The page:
It’s going to be a very good year for the top dogs and shareholders at Deere & Co. The Iowa-based equipment manufacturer says it earned more in the first nine months of its fiscal year than during its best year in 2013. The corporation’s third-quarter results are nearly $4.7 billion. John May, the company’s CEO, made over $14.7 million in total compensation in 2020. Reports are that his salary increased 160 percent during the pandemic while laid-off manufacturing workers saw “incentive” pay cut. On October 14, 10,000 unionized skilled manufacturing employees at Deere & Co. initiated their right to bargain by rejecting the contract put forth by management and going on strike. Does it surprise anyone that skilled workers went on strike after the company agreed to bump pay by little more than $1 per hour over the next 6 years?
As the sun rose in Memphis on October 18, Rodigah Blaylock stood in the brisk air outside the Kellogg plant with her fellow union members, waving signs that read "We Stand Strong" and "Equality For All." Some drivers passing by blew their horns in support. Blaylock and other members of the Local 252-G union have been on this picket line since October 5, when members of Bakery, Confectionery, Tobacco Workers, Grain Millers International Union (BCTGM) launched a national strike at factories that produce Kellogg's cereals. The company-wide strike also spans factories in Omaha, Nebraska; Lancaster, Pennsylvania; and Battle Creek, Michigan.
Now in their third week on strike, Kellogg workers at four facilities in the US are demanding wage increases that keep up with inflation, an end to brutal work schedules that keep them on the job for weeks at a time, and an end to the hated two-tier wage structure. Striking workers at the Kellogg facilities in Battle Creek, Michigan spoke to the World Socialist Web Site describing the conditions they face. A legacy worker spoke on the impact of the pandemic. “A quarter of the workers here had COVID. We got pieces of paper being told to carry it in case the police pull you over. It said, ‘essential worker.’ Now we’re nothing again! You swallow your $11.6 million and we’re garbage again. We only had two $500 bonus checks before taxes.”
Bakery, Confectionery, Tobacco Workers and Grain Millers International Union (BCTGM) President Anthony Shelton issued the following statement in support of 1,400 BCTGM members in Battle Creek, Mich. (Local 3G), Omaha, Neb. (Local 50G), Lancaster, Pa. (Local 374G) and Memphis, Tenn. (Local 252G) who are on strike against the Kellogg Company: “The BCTGM International Union stands in unwavering Solidarity with our courageous Brothers and Sisters who are on strike against the Kellogg Company. “For more than a year throughout the COVID-19 pandemic, Kellogg workers around the country have been working long, hard hours, day in and day out, to produce Kellogg ready-to-eat cereals for American families.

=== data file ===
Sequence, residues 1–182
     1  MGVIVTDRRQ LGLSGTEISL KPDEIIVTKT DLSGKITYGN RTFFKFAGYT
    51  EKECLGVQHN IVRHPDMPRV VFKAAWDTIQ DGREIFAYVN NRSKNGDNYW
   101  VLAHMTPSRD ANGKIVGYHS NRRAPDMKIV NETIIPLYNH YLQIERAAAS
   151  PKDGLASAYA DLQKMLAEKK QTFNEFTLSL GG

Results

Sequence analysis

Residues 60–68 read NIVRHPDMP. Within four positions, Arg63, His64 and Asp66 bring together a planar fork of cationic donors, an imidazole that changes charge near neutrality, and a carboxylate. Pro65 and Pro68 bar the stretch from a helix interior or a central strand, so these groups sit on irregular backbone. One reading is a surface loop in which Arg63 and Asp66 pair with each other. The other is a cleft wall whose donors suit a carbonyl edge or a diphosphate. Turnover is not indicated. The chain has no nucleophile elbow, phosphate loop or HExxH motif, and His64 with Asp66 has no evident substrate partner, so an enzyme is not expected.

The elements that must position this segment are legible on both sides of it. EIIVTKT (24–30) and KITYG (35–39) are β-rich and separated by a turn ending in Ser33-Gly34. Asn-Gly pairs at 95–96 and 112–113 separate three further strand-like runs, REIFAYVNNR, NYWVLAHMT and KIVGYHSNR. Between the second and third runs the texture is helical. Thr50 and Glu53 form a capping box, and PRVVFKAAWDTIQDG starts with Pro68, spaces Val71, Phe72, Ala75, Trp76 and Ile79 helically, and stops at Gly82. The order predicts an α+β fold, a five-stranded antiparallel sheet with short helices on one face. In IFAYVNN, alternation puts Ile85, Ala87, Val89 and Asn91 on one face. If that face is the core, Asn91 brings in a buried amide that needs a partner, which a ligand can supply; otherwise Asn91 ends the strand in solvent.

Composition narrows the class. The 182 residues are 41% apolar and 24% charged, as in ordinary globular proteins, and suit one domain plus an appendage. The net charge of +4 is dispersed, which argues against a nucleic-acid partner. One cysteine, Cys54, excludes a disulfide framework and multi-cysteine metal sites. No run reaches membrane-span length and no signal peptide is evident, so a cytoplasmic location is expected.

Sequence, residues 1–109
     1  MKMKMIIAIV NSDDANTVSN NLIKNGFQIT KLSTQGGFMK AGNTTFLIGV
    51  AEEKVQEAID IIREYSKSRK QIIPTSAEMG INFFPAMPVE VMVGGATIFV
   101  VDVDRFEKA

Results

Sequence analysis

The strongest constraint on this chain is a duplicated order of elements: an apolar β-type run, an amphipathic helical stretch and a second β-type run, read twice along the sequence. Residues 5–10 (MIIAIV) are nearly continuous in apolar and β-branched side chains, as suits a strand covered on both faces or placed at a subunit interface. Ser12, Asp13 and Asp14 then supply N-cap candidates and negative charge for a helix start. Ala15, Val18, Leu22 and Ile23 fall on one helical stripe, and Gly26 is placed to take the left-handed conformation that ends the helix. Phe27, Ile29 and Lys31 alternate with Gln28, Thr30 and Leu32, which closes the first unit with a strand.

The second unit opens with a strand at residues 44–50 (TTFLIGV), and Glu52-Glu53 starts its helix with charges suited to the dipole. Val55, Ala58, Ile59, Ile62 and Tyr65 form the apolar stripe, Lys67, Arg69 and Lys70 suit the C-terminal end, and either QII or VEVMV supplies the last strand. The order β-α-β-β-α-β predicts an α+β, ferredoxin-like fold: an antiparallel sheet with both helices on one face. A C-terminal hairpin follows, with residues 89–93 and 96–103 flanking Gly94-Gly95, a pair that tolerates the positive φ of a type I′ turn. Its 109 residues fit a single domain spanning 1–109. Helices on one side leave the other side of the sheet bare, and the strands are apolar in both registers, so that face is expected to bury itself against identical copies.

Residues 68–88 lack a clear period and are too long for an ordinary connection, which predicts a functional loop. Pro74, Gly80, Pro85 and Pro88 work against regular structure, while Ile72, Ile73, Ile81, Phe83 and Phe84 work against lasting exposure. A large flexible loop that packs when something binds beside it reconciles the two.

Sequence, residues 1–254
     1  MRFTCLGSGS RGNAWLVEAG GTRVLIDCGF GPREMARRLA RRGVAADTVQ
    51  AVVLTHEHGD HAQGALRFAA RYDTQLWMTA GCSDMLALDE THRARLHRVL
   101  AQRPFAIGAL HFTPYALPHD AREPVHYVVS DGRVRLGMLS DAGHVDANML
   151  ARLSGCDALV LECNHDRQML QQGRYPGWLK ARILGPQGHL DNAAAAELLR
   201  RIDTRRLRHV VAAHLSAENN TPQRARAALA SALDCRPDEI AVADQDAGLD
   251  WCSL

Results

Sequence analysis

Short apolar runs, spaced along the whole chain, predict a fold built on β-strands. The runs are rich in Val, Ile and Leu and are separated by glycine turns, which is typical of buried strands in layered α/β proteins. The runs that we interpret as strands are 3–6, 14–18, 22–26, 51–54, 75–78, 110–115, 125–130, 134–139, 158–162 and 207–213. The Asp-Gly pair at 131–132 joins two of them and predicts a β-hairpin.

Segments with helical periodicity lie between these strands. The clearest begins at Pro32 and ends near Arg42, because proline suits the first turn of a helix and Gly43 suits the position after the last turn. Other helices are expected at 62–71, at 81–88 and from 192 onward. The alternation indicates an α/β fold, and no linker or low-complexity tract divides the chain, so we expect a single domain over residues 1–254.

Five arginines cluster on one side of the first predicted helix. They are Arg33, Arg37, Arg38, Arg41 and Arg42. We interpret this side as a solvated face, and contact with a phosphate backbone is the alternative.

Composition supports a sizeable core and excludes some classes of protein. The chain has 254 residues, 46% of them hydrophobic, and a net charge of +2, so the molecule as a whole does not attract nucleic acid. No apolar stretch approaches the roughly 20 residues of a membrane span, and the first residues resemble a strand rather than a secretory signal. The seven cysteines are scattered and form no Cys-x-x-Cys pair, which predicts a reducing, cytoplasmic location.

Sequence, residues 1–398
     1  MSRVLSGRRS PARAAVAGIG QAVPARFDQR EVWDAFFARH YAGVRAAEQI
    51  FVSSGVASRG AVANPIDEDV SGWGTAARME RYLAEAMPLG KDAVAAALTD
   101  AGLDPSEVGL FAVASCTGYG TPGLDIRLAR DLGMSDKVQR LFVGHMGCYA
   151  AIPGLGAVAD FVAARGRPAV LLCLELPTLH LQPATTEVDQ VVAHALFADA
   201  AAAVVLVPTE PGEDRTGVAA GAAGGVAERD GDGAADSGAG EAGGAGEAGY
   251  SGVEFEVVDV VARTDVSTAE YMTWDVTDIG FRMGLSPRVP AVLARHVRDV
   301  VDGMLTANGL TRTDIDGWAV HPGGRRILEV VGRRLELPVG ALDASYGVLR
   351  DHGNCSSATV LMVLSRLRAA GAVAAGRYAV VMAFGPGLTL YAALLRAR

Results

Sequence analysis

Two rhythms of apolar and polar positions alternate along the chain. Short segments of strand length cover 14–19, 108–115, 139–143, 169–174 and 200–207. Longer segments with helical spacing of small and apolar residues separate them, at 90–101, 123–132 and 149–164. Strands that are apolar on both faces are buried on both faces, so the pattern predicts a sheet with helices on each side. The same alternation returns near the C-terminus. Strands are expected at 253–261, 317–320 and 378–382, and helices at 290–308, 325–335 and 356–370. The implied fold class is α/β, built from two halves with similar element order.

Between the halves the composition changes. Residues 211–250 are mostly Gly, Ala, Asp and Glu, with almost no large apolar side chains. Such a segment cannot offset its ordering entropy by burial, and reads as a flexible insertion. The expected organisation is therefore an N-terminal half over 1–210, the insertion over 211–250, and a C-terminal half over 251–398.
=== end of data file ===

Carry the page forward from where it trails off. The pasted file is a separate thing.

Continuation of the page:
By Staff for GMO Free USA - Why boycott Kellogg's? Kellogg’s heavily markets to children and presents the company with a wholesome family image. According to the Rudd Center for Food Policy & Obesity at Yale University, marketing of cereals to children has increased significantly over the years. RCFPO’s first study found that the least healthy breakfast cereals are those most frequently and aggressively marketed directly to children as young as age two. Kellogg’s is one of two companies that led in child-targeted marketing, in spite of their participation in the Children’s Food and Beverage Advertising Initiative (CFBAI), the food industry’s self-regulatory program. While all people – children, teens, and adults – should be concerned with their health, children are most vulnerable because their bodies are still developing. Increasing evidence suggests that long term consumption of GMOs is harmful and that the escalated use of toxic synthetic pesticides in GMO agriculture is compounding the problem. These pesticides end up in Kellogg’s products.